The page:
So, some Russian pair skater had her heart broken by her partner and lover. He'd told her he was leaving her, leaving her for another skater and everything Irina Rodnina was not and could never be -- beautiful, elegant, balletic. All Irina had going for her was physical strength, a towering will to win in competitive skating, and the ability honed through years of practice to muster an almost Zen-like focus while on the ice. Those qualities not terribly conducive to romance.
Irina's broken heart was a big drama in Russia but there was no interest in the United States, and no sympathy when she burst into sobs as she left the ice after the last time she skated with her beloved. It was the height of the Cold War, and nowhere was the nonviolent aspect of the war more evident than international competitive amateur sports, and especially in figure skating.
The Russians had a huge advantage over the American skaters. It's said that polo is the sport of kings but it's actually amateur competitive figure skating because it costs a king's ransom to train for it. The Russian skaters had no worries about money; the state picked up the tab for the training and everything else the skater needed. The American amateur competitors and their families, rarely well-off financially, had to scrounge for sponsors then behave like trained seals to keep the sponsors happy.
But the judges from the Soviet and pro-Soviet countries didn't care about the very unlevel playing field, in fact they enjoyed seeing the Russians stick it to the Americans. So a Russian skater could have broken a leg in competition and this American, at least, wouldn't have cared. As to the loss of a skating partner, aw poor baby. The Russian state would find another partner for their diva, then spend a fortune getting him up to snuff for the big competitions.
The state did just that. His name was Alexander Zaitsev. A sweet-faced young man who turned out to have a spine of steel, or grew one fast. He needed that much spine to hold his own with La Irina.
I can't remember whether the championship in Bratislava was the first time Rodnina and Zaitsev faced off against her former partner. I just remember that during their program I jumped to my feet without realizing it and shouted, "Stop!" at the television screen. At least one of the judges had also jumped up and shouted at them to stop skating.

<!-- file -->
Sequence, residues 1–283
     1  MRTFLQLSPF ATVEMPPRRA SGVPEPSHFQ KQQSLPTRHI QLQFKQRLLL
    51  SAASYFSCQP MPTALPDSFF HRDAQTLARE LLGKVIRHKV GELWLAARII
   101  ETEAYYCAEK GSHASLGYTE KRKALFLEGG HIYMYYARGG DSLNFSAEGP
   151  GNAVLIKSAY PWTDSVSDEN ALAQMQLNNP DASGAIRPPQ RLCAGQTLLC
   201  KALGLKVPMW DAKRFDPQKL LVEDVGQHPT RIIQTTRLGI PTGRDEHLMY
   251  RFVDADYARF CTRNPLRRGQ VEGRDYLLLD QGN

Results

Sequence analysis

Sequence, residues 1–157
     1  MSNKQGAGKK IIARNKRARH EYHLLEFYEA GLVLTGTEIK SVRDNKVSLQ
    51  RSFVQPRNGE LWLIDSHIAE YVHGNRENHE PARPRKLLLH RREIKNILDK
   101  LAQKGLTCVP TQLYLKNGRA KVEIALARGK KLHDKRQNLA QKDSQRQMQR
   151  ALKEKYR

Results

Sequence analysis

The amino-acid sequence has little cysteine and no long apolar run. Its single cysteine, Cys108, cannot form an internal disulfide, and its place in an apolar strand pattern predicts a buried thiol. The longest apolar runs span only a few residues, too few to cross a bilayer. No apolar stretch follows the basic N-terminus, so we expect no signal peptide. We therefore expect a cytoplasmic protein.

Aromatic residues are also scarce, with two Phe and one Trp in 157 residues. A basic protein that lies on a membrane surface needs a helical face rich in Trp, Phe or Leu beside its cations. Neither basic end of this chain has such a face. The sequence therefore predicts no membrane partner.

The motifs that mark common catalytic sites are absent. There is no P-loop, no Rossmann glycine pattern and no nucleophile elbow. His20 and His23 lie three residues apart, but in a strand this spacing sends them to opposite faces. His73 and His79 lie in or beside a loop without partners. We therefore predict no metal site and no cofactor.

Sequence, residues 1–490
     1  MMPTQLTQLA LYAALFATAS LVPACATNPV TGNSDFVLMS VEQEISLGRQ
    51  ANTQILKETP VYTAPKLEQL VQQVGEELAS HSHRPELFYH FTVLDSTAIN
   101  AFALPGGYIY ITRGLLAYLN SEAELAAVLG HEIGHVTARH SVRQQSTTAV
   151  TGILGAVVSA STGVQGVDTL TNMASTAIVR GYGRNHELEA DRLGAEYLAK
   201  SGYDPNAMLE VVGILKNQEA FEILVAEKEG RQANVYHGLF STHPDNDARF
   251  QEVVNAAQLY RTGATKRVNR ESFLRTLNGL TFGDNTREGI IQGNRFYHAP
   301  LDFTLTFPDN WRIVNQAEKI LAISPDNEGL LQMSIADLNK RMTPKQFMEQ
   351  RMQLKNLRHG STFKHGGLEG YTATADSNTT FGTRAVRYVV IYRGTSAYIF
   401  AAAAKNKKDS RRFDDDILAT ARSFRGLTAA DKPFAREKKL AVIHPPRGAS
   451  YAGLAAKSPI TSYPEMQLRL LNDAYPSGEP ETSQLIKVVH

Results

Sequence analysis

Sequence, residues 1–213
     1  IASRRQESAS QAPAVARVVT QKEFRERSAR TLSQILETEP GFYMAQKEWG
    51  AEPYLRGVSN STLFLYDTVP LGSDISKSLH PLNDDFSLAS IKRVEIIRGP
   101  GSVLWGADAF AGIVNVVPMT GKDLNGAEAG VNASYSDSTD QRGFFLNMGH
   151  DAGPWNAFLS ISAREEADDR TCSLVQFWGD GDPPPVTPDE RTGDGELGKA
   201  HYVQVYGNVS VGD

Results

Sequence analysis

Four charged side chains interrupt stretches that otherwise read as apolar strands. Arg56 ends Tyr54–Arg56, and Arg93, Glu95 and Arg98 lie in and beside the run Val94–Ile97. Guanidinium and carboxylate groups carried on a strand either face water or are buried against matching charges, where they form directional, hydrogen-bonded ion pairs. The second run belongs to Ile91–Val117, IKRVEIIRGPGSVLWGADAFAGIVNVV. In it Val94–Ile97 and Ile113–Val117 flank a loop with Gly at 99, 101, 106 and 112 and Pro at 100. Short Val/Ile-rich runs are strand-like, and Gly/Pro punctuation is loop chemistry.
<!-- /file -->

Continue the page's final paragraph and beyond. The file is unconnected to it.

Irina Rodnina wasn't going to stop even though the program music had stopped. The people in the audience at the stadium made their decision within seconds and so did I. If Rodnina and Zaitsev were going for it, we would will them to keep time with music that wasn't there; by sheer force of will we would prevent them from making a mistake.
And so we began clapping -- and clapping and clapping and clapping, pouring our wills into theirs. Later I learned that television audiences around the world had made the same decision. And so for a few incredible moments during the Cold War everyone who watched the drama was cheering on a Russian team.
They skated almost a flawless program.
That was 1973, a lifetime ago, so I'd have to look it up to tell you whether the judges disqualified them or allowed the skate and if so whether they won. But chiefly I don't remember the outcome because it wasn't important.
However, the drama on the ice at Bratislava was a little deceptive. The pair was surely counting mentally from the second their program started, so they didn't actually need music to tell them when to jump and spin and keep their moves in sync. That's what you do, you count, with every move choreographed to the count.